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Everyone knows how much I love public broadcasting and internet radio, and how much I appreciate the melding of the two. My thoughts here are not about any of that. Well, sort of. Anyway, just read this:
"On Radio Paradise, he offers about 59 minutes of music per hour, compared to about 40 to 50 minutes per hour on most conventional commercial FM stations. Even former commercial-free FM areas such as National Public Radio now repeatedly air sponsorship announcements akin to advertising."
This statement came from a news item I read this morning on Yahoo, entitled, Internet radio offers sex and sermons. It's a Reuters story by Adam Tanner. The general idea is to explan how internet radio is taking over the world (duh).
Oddly enough, although I am certainly perplexed by the catch-up effect we're seeing in delayed adoption of internet radio, the most interesting thing about the statement I quoted above is the "former commercial-free" part. Needless to say, I have lots of friends in the public radio world who would be quite interested in hearing that they are no longer commercial free!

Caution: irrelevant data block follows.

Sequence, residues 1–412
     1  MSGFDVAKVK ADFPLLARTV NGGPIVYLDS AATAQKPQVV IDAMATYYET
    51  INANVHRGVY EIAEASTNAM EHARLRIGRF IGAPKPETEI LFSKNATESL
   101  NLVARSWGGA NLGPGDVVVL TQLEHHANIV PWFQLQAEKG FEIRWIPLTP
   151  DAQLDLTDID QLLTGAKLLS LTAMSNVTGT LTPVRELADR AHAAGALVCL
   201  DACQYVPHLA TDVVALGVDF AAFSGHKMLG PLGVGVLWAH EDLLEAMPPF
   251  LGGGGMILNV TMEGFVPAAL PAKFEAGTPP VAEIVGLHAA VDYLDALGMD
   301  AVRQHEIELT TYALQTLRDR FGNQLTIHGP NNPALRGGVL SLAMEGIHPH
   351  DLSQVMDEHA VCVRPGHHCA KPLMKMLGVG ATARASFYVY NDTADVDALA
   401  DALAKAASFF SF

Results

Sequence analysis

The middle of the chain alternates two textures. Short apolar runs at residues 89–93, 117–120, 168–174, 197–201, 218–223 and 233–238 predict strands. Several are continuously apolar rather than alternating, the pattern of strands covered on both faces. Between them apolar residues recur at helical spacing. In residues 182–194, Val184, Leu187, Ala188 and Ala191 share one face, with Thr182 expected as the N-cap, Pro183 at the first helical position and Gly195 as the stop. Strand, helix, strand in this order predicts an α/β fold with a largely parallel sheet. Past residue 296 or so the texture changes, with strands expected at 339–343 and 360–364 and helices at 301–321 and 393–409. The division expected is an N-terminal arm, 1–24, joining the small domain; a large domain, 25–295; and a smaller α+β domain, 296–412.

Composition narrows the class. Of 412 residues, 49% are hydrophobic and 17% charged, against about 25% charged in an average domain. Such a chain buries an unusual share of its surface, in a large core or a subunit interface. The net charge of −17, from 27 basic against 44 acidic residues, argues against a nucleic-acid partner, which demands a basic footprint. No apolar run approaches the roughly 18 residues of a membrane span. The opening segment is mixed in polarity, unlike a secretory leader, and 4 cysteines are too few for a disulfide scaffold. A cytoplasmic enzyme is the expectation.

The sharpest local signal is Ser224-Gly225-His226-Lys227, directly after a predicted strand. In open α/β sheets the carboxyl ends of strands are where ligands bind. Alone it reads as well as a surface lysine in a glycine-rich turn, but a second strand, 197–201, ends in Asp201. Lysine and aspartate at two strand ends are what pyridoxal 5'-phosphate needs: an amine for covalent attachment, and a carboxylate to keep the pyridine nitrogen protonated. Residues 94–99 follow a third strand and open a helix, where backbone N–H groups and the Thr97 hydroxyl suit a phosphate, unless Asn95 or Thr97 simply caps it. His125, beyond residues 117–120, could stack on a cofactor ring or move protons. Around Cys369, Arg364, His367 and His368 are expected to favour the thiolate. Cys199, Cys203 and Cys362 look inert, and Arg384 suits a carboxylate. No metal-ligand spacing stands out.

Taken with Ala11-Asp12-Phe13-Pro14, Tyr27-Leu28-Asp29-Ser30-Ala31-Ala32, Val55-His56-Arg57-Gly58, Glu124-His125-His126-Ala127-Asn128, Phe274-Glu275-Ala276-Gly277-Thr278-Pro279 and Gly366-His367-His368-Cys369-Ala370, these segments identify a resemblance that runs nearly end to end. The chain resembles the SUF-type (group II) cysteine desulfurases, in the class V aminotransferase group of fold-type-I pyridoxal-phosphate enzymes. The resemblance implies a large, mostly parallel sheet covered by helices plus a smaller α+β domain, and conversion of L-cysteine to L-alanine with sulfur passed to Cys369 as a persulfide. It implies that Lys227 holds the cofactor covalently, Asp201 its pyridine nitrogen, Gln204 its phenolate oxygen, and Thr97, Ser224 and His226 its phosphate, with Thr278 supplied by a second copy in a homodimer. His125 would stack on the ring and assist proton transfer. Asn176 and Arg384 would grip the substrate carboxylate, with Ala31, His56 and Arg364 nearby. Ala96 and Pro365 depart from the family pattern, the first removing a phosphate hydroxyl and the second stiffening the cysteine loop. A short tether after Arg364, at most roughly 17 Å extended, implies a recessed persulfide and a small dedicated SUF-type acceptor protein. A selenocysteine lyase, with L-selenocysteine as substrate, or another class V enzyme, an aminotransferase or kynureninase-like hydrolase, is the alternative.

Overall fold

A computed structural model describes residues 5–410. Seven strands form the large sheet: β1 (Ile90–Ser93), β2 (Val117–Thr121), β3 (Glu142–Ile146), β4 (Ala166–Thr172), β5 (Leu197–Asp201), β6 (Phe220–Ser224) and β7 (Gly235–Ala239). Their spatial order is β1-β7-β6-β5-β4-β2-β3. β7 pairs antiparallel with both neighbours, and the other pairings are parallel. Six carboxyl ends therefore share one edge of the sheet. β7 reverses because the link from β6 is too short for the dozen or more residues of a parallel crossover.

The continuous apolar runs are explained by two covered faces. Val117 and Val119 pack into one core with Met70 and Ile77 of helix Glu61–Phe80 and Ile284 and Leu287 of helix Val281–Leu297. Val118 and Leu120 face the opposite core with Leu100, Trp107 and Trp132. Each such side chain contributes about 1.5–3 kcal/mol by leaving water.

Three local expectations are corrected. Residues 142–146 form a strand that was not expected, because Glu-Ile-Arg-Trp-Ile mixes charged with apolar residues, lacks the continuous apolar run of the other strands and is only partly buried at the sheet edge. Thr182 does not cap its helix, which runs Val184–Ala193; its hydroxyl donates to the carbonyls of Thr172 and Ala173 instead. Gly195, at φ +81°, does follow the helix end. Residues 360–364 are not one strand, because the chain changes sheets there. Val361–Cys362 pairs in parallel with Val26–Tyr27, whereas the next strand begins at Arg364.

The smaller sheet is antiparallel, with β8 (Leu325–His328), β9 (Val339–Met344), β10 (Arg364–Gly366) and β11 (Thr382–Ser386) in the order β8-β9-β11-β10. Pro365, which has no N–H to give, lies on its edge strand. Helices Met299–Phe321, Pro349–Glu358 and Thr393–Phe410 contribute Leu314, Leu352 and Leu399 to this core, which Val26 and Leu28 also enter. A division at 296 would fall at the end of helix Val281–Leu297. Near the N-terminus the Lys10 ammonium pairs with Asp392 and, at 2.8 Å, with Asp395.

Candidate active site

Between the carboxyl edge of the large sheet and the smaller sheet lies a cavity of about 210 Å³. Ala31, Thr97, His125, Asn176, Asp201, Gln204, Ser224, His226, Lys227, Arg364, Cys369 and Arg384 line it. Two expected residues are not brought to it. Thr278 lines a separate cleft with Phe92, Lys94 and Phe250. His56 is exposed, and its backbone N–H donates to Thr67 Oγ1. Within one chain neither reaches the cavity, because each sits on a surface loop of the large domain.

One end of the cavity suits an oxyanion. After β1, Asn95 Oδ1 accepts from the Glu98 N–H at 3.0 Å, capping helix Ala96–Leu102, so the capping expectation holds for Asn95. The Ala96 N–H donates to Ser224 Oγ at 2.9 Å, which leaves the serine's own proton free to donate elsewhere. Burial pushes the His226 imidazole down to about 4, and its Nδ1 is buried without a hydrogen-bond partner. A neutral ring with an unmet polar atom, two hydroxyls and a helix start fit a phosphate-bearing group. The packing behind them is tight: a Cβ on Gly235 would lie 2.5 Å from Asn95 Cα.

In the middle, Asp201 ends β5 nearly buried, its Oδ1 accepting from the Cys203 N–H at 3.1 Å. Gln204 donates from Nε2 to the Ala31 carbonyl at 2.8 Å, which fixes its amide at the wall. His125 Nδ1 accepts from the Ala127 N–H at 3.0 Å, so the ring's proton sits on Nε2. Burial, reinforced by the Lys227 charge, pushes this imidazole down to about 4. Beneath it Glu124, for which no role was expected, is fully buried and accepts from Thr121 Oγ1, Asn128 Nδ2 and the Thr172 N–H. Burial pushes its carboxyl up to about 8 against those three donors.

I'll make no comment on whether or not this snippet is accurate in its claim. I only ask one question: Is public radio still public?
It seems to me that if at least one major publisher of news and one distributor of same are saying that public radio is formerly commercial-free, we could certainly begin having an intelligent discussion about the current public perception of "member-supported" public broadcasting. Perhaps we could even reach way out there and suggest that a good portion of the public finds that the public value of public radio comes in the content, not the support blurbs that surround the content.
One thing is sure. While you might feel that you are listening to (dare† I say it) ADVERTISEMENTS on PUBLIC RADIO,† you can still visit npr.org online and have a reasonably ad-free experience while you browse.